When two senior police officers were confused last week about the current lockdown rules, I was not surprised.
The different regulations and tiers across the country are bewildering and, what’s more, they are changing from area to area, day by day.
And if senior police officers are unclear, the public must be, too.
Of course, confusion is a very serious problem when lives are at stake. Yet this is by no means the only concern.
I sense something worse. With the Government and the people diverging in their views of how to get Britain out of this crisis, I fear we are witnessing the beginning of the steady disintegration of democracy itself in our country.
A man walks past a poster amid the outbreak of the coronavirus disease in Manchester earlier this week
The crumbling of a political system that has held this country in good stead for centuries.
As the public mood becomes increasingly fractious and impatient, those values that normally act as the nation’s glue are losing their power to hold us together.
We are witnessing evidence of a growing revolt against the coronavirus lockdowns. Many people think the rules won’t work and are prepared to defy the law if necessary to see their loved ones. They believe it is time to ‘get Britain back to normal’.
As The Mail on Sunday reports today, millions are now more worried about not being able to pay their bills than they are about losing a family member to coronavirus. This is indeed very sad.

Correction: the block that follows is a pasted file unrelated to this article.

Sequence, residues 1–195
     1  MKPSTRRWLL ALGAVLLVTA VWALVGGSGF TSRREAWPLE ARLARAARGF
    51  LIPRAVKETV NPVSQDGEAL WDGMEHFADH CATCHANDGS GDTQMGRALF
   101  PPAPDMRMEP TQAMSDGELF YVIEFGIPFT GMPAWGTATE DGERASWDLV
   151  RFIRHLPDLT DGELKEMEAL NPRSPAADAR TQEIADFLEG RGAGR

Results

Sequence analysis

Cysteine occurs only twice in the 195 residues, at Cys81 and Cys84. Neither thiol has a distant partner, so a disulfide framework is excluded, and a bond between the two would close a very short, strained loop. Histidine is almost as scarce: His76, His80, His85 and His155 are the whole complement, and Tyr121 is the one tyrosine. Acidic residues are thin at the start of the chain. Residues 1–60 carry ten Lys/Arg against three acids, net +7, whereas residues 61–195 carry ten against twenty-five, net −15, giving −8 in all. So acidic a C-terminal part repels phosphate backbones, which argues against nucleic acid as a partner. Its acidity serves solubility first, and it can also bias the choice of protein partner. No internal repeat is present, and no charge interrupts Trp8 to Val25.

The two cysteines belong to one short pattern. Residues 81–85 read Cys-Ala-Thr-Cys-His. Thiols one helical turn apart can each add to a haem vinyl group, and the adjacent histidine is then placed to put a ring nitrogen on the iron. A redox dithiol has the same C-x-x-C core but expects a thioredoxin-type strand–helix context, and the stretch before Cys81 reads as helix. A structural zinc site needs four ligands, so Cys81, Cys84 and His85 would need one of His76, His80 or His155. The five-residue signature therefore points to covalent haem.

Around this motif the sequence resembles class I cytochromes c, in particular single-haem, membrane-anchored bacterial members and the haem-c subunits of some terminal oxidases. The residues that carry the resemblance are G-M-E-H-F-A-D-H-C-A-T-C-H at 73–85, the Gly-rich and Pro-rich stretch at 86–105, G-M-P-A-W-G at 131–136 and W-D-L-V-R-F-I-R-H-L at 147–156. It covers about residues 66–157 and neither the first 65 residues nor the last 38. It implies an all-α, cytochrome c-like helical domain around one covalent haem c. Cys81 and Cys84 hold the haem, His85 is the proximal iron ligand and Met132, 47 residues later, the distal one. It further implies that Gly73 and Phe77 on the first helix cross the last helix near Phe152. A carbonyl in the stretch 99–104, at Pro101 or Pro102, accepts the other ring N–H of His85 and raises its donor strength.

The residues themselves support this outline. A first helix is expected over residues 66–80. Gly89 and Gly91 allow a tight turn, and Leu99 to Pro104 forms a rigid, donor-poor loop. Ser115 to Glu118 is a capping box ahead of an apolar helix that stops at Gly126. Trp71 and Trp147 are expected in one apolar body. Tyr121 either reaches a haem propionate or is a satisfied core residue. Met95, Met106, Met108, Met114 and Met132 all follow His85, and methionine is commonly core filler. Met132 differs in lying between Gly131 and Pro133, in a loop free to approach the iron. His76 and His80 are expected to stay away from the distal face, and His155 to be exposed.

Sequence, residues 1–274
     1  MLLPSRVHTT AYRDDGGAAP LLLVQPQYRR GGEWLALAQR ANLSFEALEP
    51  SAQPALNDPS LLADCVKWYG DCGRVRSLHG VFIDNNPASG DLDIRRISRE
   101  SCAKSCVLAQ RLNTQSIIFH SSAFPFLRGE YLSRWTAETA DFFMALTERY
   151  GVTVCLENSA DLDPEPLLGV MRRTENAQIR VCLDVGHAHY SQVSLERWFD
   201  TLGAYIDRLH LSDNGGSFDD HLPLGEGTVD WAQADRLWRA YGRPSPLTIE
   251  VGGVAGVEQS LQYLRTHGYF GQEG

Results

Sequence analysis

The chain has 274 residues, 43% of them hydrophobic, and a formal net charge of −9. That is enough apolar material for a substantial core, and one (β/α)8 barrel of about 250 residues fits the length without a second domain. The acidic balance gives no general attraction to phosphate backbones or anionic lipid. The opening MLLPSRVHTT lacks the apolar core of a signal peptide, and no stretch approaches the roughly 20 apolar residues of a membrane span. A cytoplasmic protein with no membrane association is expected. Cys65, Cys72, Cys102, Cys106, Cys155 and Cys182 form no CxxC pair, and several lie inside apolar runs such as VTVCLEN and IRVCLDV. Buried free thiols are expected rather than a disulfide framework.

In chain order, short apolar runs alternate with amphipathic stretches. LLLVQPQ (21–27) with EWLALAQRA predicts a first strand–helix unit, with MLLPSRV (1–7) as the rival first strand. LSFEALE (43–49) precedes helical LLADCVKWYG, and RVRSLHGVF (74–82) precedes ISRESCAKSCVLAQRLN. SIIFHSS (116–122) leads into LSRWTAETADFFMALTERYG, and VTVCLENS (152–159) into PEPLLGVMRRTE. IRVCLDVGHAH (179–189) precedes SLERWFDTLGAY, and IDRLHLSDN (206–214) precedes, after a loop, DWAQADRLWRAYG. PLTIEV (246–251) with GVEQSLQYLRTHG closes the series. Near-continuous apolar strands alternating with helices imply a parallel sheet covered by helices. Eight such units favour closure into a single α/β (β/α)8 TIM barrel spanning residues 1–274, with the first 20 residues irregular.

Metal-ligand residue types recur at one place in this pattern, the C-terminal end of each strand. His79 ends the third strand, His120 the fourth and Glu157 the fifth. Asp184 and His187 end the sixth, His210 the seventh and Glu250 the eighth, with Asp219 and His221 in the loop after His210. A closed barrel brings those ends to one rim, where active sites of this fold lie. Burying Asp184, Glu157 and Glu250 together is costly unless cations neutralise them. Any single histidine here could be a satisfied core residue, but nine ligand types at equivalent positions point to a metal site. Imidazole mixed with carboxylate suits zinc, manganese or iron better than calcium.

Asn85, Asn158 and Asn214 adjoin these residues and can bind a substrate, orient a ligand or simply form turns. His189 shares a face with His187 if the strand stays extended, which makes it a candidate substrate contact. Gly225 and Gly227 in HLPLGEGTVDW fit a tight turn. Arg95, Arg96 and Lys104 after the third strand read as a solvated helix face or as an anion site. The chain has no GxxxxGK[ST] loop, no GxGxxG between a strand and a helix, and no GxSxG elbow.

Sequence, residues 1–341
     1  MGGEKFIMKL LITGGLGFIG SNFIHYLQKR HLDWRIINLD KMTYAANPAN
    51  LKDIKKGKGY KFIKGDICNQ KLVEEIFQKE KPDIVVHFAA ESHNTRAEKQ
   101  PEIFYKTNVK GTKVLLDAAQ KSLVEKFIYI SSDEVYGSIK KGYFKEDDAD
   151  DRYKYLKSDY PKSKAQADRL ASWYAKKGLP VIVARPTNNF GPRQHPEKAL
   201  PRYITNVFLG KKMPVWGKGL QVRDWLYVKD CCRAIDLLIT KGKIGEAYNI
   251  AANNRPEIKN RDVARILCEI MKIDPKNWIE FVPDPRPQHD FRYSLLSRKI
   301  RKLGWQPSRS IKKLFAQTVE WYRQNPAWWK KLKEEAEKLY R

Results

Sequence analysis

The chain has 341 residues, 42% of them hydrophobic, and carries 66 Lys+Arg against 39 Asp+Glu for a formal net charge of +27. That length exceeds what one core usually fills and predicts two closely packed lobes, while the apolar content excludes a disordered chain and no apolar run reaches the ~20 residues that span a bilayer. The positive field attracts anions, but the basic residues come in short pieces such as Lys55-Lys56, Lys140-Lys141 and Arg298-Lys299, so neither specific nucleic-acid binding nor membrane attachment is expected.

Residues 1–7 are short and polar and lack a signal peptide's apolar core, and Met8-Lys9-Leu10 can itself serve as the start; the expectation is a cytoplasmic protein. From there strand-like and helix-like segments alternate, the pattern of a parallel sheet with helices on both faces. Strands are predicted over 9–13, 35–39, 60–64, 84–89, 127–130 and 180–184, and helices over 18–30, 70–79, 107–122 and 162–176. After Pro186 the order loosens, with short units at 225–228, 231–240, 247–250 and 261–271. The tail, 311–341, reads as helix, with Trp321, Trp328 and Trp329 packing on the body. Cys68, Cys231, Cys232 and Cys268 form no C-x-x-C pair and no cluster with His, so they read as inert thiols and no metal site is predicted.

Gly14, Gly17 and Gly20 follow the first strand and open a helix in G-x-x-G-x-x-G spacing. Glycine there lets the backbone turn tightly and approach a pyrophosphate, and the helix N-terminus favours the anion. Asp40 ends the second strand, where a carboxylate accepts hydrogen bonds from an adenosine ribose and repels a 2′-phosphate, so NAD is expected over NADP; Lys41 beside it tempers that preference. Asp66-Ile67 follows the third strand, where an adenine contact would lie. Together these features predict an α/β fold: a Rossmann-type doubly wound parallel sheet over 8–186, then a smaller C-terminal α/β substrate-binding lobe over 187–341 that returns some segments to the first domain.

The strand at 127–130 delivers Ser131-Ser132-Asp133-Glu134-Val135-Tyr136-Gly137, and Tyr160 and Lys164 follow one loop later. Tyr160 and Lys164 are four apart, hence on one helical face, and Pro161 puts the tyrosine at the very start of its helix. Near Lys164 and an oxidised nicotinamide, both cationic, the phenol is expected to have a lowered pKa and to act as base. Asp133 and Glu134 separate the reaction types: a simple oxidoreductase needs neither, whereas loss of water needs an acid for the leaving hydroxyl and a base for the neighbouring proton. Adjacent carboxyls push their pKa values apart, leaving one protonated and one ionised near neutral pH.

Without a consensus, democracy becomes fragile.
It was the Enlightenment philosopher John Locke – who was a witness to the overthrow of King James II in 1688 and the evolution of modern English parliamentary democracy – who said: ‘All power is derived from the consent of the governed.’
We are witnessing evidence of a growing revolt against the coronavirus lockdowns, writes Lord David Blunkett
In other words, democracy depends on consent. Good government relies on law, not force.
And in today’s context, that means the British people being onside with their Government’s coronavirus policy.
But I don’t believe that can be guaranteed. As each new day passes, a lot of us feel that official policy is not merely confused, it is also arbitrary and futile.
I include the recent Tier 3 lockdowns in Manchester and my home city, Sheffield, in much of this.
There is a lack of leadership from the Government.
I can understand why perfectly reasonable, law-abiding people are talking openly about defying lockdown regulations.
We can be in no doubt that, as distinguished former Supreme Court judge Lord Sumption wrote in these pages last week, large numbers of people will continue to meet friends and family behind closed doors, whatever Health Secretary Matt Hancock decrees.
People who are meant to be in quarantine are continuing to go to work – often because they have to in order to pay the rent or put food on the table.
There has been a reluctance to sign up to the Test and Trace system – which is understandable considering that public trust was damaged last weekend when people discovered that the Government had handed data obtained from the app to the police to check if individuals had been told to self-isolate.
What is more, the 24-hour turn-round rate